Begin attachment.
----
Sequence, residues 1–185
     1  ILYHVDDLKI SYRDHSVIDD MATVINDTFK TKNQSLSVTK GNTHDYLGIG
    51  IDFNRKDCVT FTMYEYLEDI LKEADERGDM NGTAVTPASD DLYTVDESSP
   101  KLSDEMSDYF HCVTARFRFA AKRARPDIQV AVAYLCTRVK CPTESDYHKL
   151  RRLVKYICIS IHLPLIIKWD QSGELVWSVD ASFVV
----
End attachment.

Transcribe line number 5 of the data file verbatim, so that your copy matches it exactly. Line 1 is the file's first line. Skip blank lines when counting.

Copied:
   151  RRLVKYICIS IHLPLIIKWD QSGELVWSVD ASFVV